Realizing African dreams through FOCAC
FOCAC: Deepening China-Africa cooperation
The establishment of the Forum on China Africa Cooperation (FOCAC) in 2000 signified the starting point of a new era of China’s engagement with Africa. From this date, China launched unprecedented and unparalleled economic cooperation with Africa. The size and potential of China as a world power raised the level of expectations from African countries to dizzying heights.
Since 2000, China-Africa relations have entered a new phase of development, with both sides trying to establish a new type of strategic partnership based on principles of mutual trust, economic win-win cooperation and cultural exchanges. These principles have become cornerstones for China-Africa cooperation.
FOCAC is a forum held in China or an African country on an alternating basis. It was founded in October 2000 at the first ministerial conference in Beijing. Its objective is to strengthen Sino-African economic cooperation and trade relationships in order to establish a new international order that will better reflect the needs and mutual interests of China and Africa. The forum meets once every three years, with this year’s FOCAC Summit taking place in Beijing, China, from Sept 3-4.
The theme of the Beijing FOCAC Summit is “China and Africa toward an even stronger community with a shared future through win-win cooperation”. Through FOCAC, China will align the Belt and Road Initiative started in 2013 to the African Agenda 2063, the UN 2030 Agenda and development strategies of respective African countries. The aim of the Belt and Road Initiative is to establish an elaborate trade and infrastructure network that will connect Asia with African countries. In the case of Kenya, China is expected to align its Belt and Road Initiative to the country’s Vision 2030.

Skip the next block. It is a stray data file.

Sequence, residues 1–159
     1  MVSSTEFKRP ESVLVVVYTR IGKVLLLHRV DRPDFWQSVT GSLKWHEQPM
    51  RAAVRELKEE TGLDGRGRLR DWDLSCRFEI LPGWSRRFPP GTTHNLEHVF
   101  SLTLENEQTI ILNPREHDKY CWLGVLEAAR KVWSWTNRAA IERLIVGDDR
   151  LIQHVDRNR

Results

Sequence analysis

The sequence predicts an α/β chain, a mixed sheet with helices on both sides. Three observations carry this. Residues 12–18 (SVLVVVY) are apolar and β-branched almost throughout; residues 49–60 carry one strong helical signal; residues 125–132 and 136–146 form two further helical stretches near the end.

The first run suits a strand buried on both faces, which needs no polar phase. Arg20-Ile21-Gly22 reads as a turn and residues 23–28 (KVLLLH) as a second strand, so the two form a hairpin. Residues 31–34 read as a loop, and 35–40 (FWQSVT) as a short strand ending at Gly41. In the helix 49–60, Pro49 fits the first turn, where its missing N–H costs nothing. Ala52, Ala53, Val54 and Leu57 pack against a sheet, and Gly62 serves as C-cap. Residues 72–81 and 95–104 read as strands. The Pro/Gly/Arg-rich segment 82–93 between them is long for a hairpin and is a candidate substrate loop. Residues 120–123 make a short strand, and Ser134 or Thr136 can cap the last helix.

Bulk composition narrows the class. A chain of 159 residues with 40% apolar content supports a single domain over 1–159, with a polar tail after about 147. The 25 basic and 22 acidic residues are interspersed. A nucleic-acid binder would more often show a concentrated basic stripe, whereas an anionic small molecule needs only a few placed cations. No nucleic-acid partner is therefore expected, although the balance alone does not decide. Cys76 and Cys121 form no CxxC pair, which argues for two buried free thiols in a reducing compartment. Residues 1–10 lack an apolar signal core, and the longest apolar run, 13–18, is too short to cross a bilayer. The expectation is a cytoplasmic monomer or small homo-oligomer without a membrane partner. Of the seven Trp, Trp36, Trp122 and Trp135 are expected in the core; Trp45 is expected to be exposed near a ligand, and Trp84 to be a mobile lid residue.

In this connection, African leaders participating in the two-day summit should seize this golden opportunity to deepen and strengthen China-Africa cooperation in order to spur development in their own respective countries. The summit presents an opportunity to alleviate poverty afflicting many people in many African nations and to attract foreign direct investments from Chinese transnational corporations.
African leaders should forge a united front at the summit and push for a common China policy to realize the dreams of the African people envisioned in the African Agenda 2063. African leaders should also review the successes of the sixth FOCAC Summit in Johannesburg, South Africa, in 2015. The major objective of this summit was to promote industrialization and agricultural modernization in Africa.
Trade and strategic partnerships
Considering recent major developments in the global arena, it is high time for African leaders to review cooperation with their three strategic partners: China, the European Union and the United States.
Today, two-way trade between Africa and the EU exceeds $300 billion, but the EU has an uncertain future. Some observers view the EU as a leaderless, shrinking and almost burnt-out power. Efforts by various European leaders to make the EU a formidable global power have not yielded much fruit.